Mutations in ALMS1 cause obesity, type 2 diabetes and neurosensory degeneration in Alstrom syndrome.

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Nat Genet 2002 May; 31(1):74-8.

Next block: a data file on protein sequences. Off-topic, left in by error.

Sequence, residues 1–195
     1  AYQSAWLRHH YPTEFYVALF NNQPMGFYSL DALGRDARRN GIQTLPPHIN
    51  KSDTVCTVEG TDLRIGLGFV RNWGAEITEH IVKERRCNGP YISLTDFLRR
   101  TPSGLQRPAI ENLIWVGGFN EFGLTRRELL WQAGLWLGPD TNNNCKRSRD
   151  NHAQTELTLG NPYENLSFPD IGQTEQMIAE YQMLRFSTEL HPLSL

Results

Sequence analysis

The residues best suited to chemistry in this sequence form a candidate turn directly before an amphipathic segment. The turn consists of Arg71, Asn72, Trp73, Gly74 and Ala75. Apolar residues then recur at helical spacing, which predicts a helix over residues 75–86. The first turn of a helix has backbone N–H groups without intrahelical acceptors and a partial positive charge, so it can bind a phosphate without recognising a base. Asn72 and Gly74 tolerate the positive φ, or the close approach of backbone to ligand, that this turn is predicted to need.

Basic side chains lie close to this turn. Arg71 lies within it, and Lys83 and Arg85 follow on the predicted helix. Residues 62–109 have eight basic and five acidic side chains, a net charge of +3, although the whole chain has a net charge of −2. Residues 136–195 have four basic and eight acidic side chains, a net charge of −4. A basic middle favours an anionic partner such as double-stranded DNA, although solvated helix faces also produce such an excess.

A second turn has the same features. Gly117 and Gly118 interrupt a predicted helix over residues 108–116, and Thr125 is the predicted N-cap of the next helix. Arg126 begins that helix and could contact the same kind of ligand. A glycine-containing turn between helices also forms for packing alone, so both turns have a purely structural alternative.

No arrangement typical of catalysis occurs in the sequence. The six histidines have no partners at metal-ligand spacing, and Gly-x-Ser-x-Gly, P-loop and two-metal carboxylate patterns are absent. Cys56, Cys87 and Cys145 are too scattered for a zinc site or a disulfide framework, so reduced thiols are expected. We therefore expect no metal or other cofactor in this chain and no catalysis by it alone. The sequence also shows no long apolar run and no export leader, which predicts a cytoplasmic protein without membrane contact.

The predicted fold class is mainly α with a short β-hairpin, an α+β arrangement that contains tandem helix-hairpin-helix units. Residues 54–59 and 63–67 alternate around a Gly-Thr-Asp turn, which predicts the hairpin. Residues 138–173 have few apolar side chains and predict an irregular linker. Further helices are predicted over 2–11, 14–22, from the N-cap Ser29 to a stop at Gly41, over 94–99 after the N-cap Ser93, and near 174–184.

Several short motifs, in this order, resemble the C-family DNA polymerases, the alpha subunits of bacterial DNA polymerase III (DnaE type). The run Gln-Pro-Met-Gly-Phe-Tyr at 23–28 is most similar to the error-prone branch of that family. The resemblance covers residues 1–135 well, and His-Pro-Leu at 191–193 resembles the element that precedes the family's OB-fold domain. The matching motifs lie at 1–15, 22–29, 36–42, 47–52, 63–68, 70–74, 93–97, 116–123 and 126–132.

Alstrom syndrome is a homogeneous autosomal recessive disorder that is characterized by childhood obesity associated with hyperinsulinemia, chronic hyperglycemia and neurosensory deficits. The gene involved in Alstrom syndrome probably interacts with genetic modifiers, as subsets of affected individuals present with additional features such as dilated cardiomyopathy, hepatic dysfunction, hypothyroidism, male hypogonadism, short stature and mild to moderate developmental delay, and with secondary complications normally associated with type 2 diabetes, such as hyperlipidemia and atherosclerosis. Our detection of an uncharacterized transcript, KIAA0328, led us to identify the gene ALMS1, which contains sequence variations, including four frameshift mutations and two nonsense mutations, that segregate with Alstrom syndrome in six unrelated families. ALMS1 is ubiquitously expressed at low levels and does not share significant sequence homology with other genes reported so far. The identification of ALMS1 provides an entry point into a new pathway leading toward the understanding of both Alstrom syndrome and the common diseases that characterize it.